Sustainable agriculture key to green growth and reducing poverty
The Financing for Development summit in Addis is a decisive point in the process towards the post-2015 development agenda. World leaders, high-level policy makers, funders and finance ministers, among others, are expected to deliver the political will, policy reforms, and financial investments required to end extreme poverty by 2030.
Agriculture and nutrition is one of the four key focus areas at the summit, along with sustainable infrastructure, social protection and technology. Already at the core of much of what UNDP does every day across the globe, this reinforces agriculture as a key pillar of our poverty reduction efforts in over 170 countries.
The production of agricultural commodities, such as palm oil, beef, soy, coffee, and cocoa, plays a pivotal role in global efforts to improve livelihoods across the globe. Sadly, agriculture is also the main driver of deforestation today, and is threatening to devastate the very environment upon which we depend to survive.
UNDP is engaged in promoting sustainable agricultural practices to improve the lives of millions of farmers through its Green Commodities Programme (GCP).
If smallholder farmers, many of whom are women, are to be lifted out of poverty, we need to improve the economic, social, and environmental performance of our key agricultural commodity sectors. By 2020 UNDP’s GCP aims to contribute to enabling eight million farmers, managing 20 million hectares, to improve the sustainability of their practices and as a result, their livelihoods.
Smallholder farmers mainly seek out a living by using outdated and poor production practices. Improving these production techniques will lead to increased efficiency, higher yields, and improved product quality. This in turn means increased household food security and higher household income, especially when money is saved through less fertilizer and pesticide use. There will also be a positive environmental knock-on effect.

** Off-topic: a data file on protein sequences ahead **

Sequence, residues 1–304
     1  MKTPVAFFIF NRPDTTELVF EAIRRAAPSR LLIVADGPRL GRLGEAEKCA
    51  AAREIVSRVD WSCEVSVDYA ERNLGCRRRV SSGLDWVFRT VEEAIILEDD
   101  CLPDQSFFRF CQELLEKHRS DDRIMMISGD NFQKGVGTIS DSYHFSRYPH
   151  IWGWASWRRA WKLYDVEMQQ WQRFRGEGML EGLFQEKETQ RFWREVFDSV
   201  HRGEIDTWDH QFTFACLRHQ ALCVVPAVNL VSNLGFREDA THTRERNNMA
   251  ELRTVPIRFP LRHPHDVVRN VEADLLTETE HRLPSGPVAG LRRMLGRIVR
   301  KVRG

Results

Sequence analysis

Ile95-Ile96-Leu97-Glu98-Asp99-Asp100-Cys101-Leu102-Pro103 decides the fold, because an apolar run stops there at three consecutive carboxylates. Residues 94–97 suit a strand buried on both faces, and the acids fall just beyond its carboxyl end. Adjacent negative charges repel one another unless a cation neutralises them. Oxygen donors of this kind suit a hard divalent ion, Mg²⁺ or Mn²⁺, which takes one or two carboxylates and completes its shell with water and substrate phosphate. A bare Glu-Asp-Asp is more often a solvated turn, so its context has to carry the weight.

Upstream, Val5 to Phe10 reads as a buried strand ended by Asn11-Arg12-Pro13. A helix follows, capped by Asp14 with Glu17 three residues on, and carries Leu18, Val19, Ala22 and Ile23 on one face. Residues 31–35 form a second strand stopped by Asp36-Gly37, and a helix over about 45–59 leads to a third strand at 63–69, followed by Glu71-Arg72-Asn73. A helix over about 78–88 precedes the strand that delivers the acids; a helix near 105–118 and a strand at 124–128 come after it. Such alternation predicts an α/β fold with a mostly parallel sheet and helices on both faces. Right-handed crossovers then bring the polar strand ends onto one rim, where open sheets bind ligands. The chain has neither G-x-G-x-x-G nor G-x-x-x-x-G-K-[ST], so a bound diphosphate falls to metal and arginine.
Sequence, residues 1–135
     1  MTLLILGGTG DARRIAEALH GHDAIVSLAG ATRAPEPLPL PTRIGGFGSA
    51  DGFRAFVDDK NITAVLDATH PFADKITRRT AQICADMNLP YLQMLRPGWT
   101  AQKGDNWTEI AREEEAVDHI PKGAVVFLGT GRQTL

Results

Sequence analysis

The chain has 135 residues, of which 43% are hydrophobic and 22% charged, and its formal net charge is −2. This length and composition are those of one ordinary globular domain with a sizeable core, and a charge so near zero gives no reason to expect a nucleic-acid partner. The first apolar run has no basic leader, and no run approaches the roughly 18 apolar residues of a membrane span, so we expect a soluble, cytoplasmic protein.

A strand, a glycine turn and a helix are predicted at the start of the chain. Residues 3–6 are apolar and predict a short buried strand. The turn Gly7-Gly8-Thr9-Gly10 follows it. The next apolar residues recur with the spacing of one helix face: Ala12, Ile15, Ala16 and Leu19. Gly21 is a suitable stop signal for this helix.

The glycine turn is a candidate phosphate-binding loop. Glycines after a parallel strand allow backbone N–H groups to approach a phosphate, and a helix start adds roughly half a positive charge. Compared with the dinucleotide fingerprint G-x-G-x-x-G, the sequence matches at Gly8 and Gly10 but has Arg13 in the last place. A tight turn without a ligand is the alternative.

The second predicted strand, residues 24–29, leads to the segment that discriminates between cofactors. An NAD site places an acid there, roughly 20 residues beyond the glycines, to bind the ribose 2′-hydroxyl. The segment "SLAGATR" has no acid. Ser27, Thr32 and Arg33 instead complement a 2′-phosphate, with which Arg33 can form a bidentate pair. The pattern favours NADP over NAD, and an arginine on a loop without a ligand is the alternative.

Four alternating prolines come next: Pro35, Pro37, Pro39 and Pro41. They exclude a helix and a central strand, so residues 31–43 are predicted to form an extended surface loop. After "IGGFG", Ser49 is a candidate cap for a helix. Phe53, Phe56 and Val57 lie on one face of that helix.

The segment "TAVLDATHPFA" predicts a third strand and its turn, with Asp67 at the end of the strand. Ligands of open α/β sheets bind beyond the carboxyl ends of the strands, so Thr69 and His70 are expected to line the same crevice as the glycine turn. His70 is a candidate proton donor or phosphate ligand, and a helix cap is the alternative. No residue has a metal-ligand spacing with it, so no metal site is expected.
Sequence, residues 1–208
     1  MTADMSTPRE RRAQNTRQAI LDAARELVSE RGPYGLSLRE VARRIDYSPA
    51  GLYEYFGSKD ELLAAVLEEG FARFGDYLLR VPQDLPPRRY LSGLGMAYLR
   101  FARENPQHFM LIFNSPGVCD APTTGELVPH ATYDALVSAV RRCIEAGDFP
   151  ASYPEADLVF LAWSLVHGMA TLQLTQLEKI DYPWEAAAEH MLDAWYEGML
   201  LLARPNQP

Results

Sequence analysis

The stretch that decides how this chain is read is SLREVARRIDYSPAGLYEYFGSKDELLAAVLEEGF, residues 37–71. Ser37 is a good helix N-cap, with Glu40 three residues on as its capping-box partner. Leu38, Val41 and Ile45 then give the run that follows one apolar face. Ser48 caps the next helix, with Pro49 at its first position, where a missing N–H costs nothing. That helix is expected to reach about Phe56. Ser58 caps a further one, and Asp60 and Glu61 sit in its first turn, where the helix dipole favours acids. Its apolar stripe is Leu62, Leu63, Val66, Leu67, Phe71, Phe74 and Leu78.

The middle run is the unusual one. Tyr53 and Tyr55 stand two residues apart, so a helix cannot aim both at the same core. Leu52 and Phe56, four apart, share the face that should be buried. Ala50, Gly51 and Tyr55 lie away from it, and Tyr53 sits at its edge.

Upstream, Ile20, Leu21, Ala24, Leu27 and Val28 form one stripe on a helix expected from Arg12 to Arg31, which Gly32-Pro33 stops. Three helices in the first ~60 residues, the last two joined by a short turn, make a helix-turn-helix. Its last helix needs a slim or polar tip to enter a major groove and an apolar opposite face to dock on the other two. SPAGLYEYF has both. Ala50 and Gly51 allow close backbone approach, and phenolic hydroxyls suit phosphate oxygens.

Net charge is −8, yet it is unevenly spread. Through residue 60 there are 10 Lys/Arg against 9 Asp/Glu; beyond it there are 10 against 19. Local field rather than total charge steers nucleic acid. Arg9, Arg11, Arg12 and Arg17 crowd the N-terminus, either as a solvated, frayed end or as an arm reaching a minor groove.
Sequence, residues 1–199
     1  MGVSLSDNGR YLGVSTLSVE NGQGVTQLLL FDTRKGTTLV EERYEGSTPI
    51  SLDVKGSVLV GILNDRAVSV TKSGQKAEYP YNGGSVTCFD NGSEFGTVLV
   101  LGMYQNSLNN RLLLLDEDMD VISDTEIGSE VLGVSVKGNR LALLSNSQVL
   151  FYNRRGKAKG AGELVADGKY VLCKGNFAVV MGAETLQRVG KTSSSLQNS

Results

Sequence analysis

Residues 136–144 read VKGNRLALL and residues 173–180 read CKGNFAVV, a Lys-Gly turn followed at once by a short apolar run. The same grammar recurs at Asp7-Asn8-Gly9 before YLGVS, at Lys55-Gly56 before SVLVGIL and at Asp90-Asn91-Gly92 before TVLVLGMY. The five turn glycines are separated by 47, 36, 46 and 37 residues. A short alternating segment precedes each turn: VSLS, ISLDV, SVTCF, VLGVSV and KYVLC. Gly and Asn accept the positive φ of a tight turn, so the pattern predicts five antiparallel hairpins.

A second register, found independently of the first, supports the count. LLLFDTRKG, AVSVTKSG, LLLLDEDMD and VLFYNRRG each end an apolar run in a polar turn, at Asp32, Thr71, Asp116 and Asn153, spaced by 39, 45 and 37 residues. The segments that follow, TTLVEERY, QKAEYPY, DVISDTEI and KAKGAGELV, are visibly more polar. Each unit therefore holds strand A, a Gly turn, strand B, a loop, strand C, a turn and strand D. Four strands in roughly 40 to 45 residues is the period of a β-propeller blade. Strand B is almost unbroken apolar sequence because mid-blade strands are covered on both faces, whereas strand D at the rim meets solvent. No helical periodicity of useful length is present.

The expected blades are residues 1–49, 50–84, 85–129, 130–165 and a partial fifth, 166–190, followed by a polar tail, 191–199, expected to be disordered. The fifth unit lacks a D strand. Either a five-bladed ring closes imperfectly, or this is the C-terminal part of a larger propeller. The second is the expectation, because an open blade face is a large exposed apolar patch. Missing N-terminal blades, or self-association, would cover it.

The expansion of smallholder coffee farms in Peru, a direct result of low productivity and poverty, has contributed to deforestation and greenhouse gas emissions, especially in the highly sensitive Western Amazon. Indonesia’s palm oil smallholders, who produce about 40% of the country’s palm oil, are also suffering, plagued by bad production techniques. This perpetuates the deforestation cycle as farmers seek to boost productivity by carving out even more land from the pristine forests of the archipelago.
UNDP, through the GCP and its global network of country offices, is working with government, private sector, civil society, and the farmers themselves, to improve production practices, yields, and product quality while protecting the environment. In other words, all the stakeholders are working together to identify, understand, and really implement solutions to the major challenges. This will take time, as all long-term strategies that really want to have an impact on our planet must. But this type of collective action – that could catapult the development agenda into the post-2015 era – is what we need to see in Addis.